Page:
THE HAPPIEST HIPPO IN THE WORLD

Pedestrian writing, a predictable plot laden with well-meaning didacticism and a not-entirely-believable happy ending prevent this effort by prolific novelist Steel from living up to its limited potential. Spengler’s brightly colored, softly rounded illustrations add charm to the slight story, but ultimately kids won’t really care whether Alphonse (aka Greenie), the only green hippo in his circus family, finds friendship and a place to belong in the wider world. The overlong narrative moves from the birth of the inexplicably green baby hippo to his equally puzzling banishment by the decidedly un-showmanlike circus owner to his decision to seek a new life in New York City. The use of short declarative sentences makes the text feel choppy; repetition saps it of impact (Greenie’s friend Charlie thinks he’s “beautiful”; in the next sentence Charlie and Greenie build “a beautiful castle”). Crucial details, meanwhile, are missing: Greenie is clearly happy to have found a friend, but young readers will likely wonder where he’s living, what he’s eating and who is taking care of him. Well-intentioned, perhaps, but utterly forgettable. (Picture book. 4-7)

Pub Date: Sept. 1, 2009

ISBN: 978-0-06-157899-1

Page Count: 32

Publisher: HarperCollins

Review Posted Online: May 20, 2010

Kirkus Reviews Issue: Aug. 1, 2009

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Hee haw.

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THE WONKY DONKEY

The print version of a knee-slapping cumulative ditty.

In the song, Smith meets a donkey on the road. It is three-legged, and so a “wonky donkey” that, on further examination, has but one eye and so is a “winky wonky donkey” with a taste for country music and therefore a “honky-tonky winky wonky donkey,” and so on to a final characterization as a “spunky hanky-panky cranky stinky-dinky lanky honky-tonky winky wonky donkey.” A free musical recording (of this version, anyway—the author’s website hints at an adults-only version of the song) is available from the publisher and elsewhere online. Even though the book has no included soundtrack, the sly, high-spirited, eye patch–sporting donkey that grins, winks, farts, and clumps its way through the song on a prosthetic metal hoof in Cowley’s informal watercolors supplies comical visual flourishes for the silly wordplay. Look for ready guffaws from young audiences, whether read or sung, though those attuned to disability stereotypes may find themselves wincing instead or as well.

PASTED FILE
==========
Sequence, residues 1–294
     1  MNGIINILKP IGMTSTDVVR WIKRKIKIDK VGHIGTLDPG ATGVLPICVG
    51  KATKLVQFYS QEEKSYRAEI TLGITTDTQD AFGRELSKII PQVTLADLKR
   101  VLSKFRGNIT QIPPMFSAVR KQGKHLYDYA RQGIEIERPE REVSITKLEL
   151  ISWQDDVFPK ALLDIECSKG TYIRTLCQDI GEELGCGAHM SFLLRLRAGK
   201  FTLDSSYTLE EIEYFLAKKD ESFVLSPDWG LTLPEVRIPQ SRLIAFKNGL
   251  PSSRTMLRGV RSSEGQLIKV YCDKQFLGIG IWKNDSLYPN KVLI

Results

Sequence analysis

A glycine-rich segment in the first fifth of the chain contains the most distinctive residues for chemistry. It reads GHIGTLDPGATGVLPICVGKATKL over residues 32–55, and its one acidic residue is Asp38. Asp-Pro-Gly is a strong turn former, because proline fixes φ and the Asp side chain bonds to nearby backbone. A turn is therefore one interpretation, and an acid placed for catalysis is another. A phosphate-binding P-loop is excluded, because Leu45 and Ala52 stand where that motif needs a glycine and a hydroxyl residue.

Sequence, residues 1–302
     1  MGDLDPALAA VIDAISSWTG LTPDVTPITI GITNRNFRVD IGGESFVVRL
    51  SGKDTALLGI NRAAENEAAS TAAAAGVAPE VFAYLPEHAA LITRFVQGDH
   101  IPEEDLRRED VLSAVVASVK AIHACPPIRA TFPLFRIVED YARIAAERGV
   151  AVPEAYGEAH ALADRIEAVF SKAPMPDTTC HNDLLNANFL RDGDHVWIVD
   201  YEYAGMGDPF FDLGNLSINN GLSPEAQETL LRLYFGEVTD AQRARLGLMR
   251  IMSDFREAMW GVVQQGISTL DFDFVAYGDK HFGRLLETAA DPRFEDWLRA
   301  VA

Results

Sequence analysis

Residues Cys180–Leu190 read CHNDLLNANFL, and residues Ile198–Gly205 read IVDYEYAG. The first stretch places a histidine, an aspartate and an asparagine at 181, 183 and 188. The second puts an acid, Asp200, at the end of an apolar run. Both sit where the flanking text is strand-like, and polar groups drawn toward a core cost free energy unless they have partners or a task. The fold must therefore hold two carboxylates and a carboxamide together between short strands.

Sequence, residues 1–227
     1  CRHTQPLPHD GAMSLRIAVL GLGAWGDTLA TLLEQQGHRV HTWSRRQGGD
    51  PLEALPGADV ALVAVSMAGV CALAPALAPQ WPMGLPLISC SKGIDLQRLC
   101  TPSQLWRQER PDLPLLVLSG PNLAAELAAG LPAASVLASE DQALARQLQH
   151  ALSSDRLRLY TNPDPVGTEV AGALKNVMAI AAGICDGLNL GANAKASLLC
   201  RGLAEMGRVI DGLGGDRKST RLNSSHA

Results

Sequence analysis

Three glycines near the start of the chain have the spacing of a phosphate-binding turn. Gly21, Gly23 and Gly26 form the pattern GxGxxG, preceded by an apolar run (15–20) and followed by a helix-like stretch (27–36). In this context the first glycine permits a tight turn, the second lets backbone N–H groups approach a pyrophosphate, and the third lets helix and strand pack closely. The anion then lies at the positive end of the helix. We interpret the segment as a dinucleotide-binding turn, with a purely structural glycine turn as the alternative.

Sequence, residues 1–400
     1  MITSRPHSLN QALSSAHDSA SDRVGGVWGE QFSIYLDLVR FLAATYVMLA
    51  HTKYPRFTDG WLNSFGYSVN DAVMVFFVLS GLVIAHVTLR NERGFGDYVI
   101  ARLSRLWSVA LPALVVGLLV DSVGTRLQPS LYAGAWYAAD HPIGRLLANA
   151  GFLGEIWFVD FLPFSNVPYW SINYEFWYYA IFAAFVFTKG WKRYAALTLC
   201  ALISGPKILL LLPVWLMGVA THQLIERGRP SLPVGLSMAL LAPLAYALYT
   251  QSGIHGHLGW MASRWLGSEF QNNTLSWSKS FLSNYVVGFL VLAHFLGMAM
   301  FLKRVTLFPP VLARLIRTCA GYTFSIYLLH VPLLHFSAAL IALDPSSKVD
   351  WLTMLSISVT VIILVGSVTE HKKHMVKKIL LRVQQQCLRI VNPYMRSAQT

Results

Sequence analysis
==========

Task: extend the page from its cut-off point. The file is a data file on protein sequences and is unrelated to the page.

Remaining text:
Hee haw. (Picture book. 5-7)

Pub Date: May 1, 2010

ISBN: 978-0-545-26124-1

Page Count: 26

Publisher: Scholastic

Review Posted Online: Dec. 29, 2018

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Feels like a retread—it may be time to put this series to bed.

YOU DON'T WANT A DRAGON!

If you thought having a unicorn as a pet was hard, you haven’t seen anything until you’ve tried owning a dragon.

The young protagonist of You Don’t Want a Unicorn! (2017) is back, and they clearly haven’t learned their lesson. Now they’ve wished for a pet dragon. As the intrusive narrator is quick to point out, everything about it seems fun at the beginning. However, it’s not long before the doglike dragon starts chasing squirrels, drooling, pooping (ever wondered where charcoal comes from?), scooting its butt across the floor (leaving fire and flames behind), and more. By now, the dragon has grown too huge to keep, so the child (who appears white and also to live alone) wishes it away and settles for a cute little hamster instead. A perfect pet…until it finds a stray magical cupcake. Simple cartoon art and a surfeit of jokes about defecation suggest this book will find an appreciative audience. The dragon/dog equivalences are cute on an initial read, but they may not be strong enough to convince anyone to return. Moreover, a surprising amount of the plot hinges on having read the previous book in this series (it’s the only way readers will know that cupcakes are unicorn poop).

Feels like a retread—it may be time to put this series to bed. (Picture book. 4-7)

Pub Date: June 9, 2020

ISBN: 978-0-316-53580-9

Page Count: 40

Publisher: Little, Brown

Review Posted Online: Feb. 26, 2020

Kirkus Reviews Issue: March 15, 2020

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